AFTER THIS CLASS YOU’LL BE ABLE TO:

  • Leverage new techniques for choosing the light and locations for a successful portrait
  • Know how to build a rapport and utilize clear communication with your subjects
  • Set up a developed concept as well as how to light on the fly
  • Use successful strategies for marketing yourself as a photographer and how to get your work in front of editors

ABOUT VICTORIA’S CLASS:

Portraits require more than just great lighting and equipment. Sometimes a shoot doesn’t go as planned. The location is drab, the client isn’t in the best mood, or you forget to charge your camera batteries. Great portrait photography artists are able to think on their feet, connect with their subjects -- and capture great images under pressure. The best portraits often come from portrait sessions that didn't go exactly as planned, when challenges turn into assets.

Celebrity portrait photographer Victoria Will shows you how to use your environment to capture a unique, sharp image that reflects the person in the portrait. She’ll also highlight how to quickly evaluate a less than perfect situation and make it work for you and your subject. Take your portraits from amateur to near Mona Lisa gallery worthy by learning how to shoot portraits under pressure.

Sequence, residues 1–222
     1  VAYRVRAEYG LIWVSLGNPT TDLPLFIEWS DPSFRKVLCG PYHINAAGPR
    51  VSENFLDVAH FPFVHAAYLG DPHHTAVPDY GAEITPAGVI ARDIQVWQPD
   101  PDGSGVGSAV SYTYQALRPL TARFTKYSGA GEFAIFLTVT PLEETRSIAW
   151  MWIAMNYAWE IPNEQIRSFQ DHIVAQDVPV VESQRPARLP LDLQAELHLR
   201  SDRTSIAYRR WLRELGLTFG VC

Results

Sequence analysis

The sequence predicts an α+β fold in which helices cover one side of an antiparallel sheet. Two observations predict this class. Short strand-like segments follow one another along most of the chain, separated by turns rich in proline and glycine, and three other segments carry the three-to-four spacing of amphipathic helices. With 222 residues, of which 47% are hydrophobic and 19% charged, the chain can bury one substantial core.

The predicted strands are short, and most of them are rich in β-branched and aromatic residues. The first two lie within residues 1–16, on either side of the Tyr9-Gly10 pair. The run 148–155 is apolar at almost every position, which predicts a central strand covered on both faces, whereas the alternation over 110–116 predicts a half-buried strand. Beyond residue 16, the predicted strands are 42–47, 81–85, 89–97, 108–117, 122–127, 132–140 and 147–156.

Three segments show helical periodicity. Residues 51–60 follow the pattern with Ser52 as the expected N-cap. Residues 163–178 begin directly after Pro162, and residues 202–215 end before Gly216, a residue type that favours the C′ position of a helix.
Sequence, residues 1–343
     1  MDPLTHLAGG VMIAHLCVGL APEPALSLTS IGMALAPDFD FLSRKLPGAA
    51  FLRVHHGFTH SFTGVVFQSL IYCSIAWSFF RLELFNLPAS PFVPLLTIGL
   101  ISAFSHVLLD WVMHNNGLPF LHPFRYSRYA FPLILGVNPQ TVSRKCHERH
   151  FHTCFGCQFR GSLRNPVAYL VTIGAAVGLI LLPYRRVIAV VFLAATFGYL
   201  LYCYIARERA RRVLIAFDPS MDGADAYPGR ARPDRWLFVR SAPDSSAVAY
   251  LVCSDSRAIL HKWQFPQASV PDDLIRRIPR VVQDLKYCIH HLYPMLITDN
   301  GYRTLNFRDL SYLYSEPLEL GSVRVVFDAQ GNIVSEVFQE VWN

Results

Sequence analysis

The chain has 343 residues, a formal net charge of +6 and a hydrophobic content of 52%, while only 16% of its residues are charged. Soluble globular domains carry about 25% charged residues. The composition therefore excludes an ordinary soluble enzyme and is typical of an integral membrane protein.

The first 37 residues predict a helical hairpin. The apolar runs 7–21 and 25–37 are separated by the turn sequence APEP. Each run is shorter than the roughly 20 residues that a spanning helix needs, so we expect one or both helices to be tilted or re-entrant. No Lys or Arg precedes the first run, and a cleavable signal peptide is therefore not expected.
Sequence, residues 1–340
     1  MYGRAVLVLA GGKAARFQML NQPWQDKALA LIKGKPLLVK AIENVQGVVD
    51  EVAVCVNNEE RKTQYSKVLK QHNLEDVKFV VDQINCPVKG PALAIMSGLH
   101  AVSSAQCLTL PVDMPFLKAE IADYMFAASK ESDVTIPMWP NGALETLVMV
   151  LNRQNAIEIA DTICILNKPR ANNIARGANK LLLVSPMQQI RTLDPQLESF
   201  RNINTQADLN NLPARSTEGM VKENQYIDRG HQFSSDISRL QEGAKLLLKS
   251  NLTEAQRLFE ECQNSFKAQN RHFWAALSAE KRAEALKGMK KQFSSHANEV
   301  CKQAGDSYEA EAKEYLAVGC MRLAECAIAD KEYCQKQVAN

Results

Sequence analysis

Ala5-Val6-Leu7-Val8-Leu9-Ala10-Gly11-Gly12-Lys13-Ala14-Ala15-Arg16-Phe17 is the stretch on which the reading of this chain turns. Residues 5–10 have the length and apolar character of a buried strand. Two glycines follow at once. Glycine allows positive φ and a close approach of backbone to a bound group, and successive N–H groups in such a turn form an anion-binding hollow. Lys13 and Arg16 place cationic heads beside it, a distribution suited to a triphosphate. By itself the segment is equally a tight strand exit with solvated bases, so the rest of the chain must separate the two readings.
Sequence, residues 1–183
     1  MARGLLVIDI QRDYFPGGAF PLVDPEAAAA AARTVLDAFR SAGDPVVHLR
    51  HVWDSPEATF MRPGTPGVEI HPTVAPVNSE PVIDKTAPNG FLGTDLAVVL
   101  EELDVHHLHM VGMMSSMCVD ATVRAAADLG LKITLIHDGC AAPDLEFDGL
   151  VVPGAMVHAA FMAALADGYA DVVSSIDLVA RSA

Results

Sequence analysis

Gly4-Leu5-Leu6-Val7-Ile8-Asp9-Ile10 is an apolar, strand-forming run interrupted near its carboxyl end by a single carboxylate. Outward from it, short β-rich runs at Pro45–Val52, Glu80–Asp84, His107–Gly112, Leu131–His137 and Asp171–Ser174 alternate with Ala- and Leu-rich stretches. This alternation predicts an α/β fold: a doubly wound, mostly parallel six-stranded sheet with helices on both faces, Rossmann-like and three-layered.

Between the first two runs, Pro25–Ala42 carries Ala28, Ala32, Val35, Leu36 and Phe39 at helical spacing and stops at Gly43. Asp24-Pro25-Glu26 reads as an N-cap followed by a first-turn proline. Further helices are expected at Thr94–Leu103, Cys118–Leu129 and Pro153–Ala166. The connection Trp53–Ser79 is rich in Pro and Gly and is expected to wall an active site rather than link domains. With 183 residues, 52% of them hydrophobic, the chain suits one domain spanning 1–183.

You’ll watch Victoria photograph real people in limited settings, discovering multiple opportunities in a limited space. Learn her three portrait musts for preparation, point-of-view, and connection. Gain insight into how to make every frame count and how to get the shots the editor requested, as well as those that speak to your vision. Learn how to make your subject feel comfortable in only a few moments while capturing exquisite photo collections in Portraits Under Pressure.

WHO THIS CLASS IS FOR:

The photographer looking to improve their portraiture through thoughtful lighting, creative techniques and leveraging the environment around you to get a consistent appearance.

Lessons

  1. Class Introduction

    In the first lesson, meet Victoria and dip your toes into learning her creative process. See the portraits that Victoria has captured in windowless storage rooms and learn why a bad location is no excuse for a bad portrait. Discover why portraits are about preparation, point-of-view, and connection and learn what to expect from the class.

  2. Evaluating Location and Set-Up with Assistant